[R] quasi-random sequences
Robert A LaBudde
ral at lcfltd.com
Sat Apr 26 17:02:10 CEST 2008
You seem to have ambiguous requirements.
First, you want equidistribution for a packing
structure, which would suggest closest packing or
quasirandom sequences, as you have tried.
But then you are disturbed by the packing
structure, because it gives a perceivable
pattern, so you wish to randomize it, but under
some unspecified condition of equidistribution
(your "electrostatic repulsion" algorithm).
You obviously have some constraints on selection
you have not quantified yet. E.g., circles of unspecified radii cannot overlap.
You should also realize that any distribution of
centers under such constraints will always
exhibit structure due to the constraints.
Is your problem simply to give an appearance of
randomness to the casual observer, or something more definite?
You also need to say something about the packing density involved.
On the face of it, you with
At 06:22 AM 4/26/2008, baptiste Auguié wrote:
>Dear list useRs,
>
>I have to generate a random set of coordinates (x,y) in [-1 ; 1]^2
>for say, N points. At each of these points is drawn a circle (later
>on, an ellipse) of random size, as in:
>
>
> > N <- 100
> >
> > positions <- matrix(rnorm(2 * N, mean = 0 , sd= 0.5), nrow=N)
> > sizes<-rnorm(N, mean = 0 , sd= 1)
> > plot(positions,type="p",cex=sizes)
>
>
>My problem is to avoid collisions (overlap, really) between the
>points. I would like some random pattern, but with a minimum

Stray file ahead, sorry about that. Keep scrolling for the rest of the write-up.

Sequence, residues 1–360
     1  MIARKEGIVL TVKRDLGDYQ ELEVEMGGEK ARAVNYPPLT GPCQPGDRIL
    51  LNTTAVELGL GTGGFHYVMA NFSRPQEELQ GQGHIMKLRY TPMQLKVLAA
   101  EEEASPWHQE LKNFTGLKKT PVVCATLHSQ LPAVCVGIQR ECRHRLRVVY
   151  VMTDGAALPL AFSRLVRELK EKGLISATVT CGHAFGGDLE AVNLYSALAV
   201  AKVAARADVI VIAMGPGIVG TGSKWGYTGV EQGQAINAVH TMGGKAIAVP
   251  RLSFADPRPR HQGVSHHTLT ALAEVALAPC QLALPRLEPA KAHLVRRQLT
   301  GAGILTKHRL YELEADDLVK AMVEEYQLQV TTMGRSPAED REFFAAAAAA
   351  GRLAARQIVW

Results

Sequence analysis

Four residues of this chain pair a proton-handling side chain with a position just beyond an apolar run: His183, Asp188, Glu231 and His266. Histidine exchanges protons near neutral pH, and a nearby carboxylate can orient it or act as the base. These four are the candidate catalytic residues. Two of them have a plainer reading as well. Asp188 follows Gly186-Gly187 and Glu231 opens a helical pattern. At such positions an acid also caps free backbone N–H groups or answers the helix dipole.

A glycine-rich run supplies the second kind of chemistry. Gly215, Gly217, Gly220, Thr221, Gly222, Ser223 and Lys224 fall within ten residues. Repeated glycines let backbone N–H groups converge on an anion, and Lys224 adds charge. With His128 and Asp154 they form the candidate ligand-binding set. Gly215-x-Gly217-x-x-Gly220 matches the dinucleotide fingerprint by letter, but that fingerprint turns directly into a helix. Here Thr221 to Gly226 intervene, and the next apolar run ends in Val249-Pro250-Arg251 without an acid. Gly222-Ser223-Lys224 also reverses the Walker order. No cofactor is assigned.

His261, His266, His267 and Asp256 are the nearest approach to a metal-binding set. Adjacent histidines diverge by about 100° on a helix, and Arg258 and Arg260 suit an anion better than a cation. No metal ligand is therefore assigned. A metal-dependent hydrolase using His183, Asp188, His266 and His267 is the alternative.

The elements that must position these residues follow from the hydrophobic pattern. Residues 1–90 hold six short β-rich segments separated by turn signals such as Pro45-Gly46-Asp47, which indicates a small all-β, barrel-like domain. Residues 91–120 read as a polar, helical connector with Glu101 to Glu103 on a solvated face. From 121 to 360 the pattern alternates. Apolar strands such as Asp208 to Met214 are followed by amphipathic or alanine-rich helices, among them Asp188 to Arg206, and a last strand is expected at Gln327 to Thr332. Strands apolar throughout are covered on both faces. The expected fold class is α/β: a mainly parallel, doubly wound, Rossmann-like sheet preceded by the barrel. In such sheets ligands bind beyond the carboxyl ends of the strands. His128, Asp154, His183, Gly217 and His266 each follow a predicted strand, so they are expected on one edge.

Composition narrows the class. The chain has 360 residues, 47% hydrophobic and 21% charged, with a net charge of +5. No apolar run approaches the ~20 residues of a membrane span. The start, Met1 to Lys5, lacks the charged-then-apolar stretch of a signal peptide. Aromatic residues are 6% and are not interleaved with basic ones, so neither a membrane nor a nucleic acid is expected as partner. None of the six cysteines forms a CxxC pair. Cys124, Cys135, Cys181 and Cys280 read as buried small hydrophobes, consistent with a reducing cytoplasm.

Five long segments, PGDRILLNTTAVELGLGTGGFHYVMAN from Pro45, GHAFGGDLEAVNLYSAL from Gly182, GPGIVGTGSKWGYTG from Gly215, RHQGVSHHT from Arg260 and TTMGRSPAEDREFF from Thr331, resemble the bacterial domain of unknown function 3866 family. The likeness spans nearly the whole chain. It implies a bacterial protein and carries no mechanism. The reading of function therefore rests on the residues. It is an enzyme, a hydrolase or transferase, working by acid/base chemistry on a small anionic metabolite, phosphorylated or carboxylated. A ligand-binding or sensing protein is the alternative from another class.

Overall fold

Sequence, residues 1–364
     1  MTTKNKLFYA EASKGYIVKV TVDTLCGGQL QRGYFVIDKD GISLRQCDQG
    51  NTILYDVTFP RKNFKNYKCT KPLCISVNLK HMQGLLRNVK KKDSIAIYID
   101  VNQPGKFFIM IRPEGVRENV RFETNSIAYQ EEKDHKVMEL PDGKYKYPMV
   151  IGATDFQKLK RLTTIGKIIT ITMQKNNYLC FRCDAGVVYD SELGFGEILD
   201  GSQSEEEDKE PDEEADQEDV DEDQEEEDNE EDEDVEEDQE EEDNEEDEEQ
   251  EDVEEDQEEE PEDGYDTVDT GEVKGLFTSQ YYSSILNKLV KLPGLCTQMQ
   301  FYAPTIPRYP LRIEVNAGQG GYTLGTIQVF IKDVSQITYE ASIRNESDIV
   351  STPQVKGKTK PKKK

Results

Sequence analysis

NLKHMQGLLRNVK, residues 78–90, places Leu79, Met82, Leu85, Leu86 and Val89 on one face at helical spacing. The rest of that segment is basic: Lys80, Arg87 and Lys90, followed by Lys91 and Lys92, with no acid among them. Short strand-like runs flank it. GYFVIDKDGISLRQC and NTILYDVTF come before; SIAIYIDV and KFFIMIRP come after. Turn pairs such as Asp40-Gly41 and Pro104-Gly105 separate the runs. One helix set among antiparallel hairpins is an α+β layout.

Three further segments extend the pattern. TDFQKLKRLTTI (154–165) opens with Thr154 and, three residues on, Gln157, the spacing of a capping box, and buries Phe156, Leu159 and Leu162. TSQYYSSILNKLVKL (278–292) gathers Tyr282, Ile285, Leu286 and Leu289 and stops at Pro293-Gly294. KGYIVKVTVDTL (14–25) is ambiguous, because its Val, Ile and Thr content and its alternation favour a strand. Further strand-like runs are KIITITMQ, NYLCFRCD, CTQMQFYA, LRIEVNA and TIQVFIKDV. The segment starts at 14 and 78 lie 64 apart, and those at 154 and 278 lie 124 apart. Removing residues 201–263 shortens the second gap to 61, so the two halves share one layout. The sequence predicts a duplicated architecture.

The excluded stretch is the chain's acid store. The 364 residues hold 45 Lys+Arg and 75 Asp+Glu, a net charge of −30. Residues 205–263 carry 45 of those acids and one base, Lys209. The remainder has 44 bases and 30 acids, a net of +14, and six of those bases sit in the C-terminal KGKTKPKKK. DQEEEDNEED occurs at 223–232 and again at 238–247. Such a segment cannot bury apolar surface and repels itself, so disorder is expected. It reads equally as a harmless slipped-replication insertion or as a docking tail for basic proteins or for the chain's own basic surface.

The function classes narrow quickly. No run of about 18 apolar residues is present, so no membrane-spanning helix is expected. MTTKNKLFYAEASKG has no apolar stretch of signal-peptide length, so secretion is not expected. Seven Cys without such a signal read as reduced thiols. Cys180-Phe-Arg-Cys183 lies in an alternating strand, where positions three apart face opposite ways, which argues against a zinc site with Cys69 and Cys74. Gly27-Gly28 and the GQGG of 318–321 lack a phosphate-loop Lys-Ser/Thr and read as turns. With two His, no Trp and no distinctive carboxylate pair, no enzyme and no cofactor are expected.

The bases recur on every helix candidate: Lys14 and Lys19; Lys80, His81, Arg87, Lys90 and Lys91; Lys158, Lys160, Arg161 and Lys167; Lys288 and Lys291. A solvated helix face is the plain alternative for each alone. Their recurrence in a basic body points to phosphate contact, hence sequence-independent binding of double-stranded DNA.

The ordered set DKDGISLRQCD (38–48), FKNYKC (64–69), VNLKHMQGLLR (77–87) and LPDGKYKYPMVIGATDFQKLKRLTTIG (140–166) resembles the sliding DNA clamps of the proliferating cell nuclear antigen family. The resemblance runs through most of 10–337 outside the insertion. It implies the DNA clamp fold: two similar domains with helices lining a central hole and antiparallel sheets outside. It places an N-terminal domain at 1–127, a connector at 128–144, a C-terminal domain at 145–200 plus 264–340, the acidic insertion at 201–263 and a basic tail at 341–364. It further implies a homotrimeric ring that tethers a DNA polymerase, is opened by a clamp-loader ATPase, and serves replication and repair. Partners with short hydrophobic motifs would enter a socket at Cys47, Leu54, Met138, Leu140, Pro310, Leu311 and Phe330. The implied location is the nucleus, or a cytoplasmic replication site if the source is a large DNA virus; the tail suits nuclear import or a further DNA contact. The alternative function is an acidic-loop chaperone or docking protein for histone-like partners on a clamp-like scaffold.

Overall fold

>exclusion distance. In looking up "Numerical recipes in C", I found
>out about some Sobol quasi-random sequences, which one can call from
>the gsl package,
>
>
> > library(gsl)
> >
> > g <- qrng_alloc(type="sobol",dim=2)
> > qrng_get(g,n= N) ->xy
> >
> > plot((xy),t="p",cex=0.5)
>
>but this does not look very random: I clearly see some pattern
>(diagonals, etc...), and even the non-overlapping condition is not
>impressive.
>
>One (painful) way I can foresee is to check the distance between each
>symbol and the others, and move the overlapping ones in a recursive
>manner. Before delving into this, I wanted to check I'm not
>overlooking something in the rgl quasi-random sequences, or missing a
>more obvious way to generate such patterns. Perhaps solving an
>electrostatic problem with a potential both attractive at long
>distances and repulsive at short distances is a better way? I have a
>vague recollection of hearing that somewhere to position points
>evenly on a sphere.
>
>
>Thanks for any comment / suggestion,
>
>Baptiste
>
>
>_____________________________
>
>Baptiste Auguié
>
>Physics Department
>University of Exeter
>Stocker Road,
>Exeter, Devon,
>EX4 4QL, UK
>
>Phone: +44 1392 264187
>
>http://newton.ex.ac.uk/research/emag
>http://projects.ex.ac.uk/atto
>
>______________________________________________
>R-help at r-project.org mailing list
>https://stat.ethz.ch/mailman/listinfo/r-help
>PLEASE do read the posting guide http://www.R-project.org/posting-guide.html
>and provide commented, minimal, self-contained, reproducible code.
================================================================
Robert A. LaBudde, PhD, PAS, Dpl. ACAFS e-mail: ral at lcfltd.com
Least Cost Formulations, Ltd. URL: http://lcfltd.com/
824 Timberlake Drive Tel: 757-467-0954
Virginia Beach, VA 23464-3239 Fax: 757-467-2947
"Vere scire est per causas scire"
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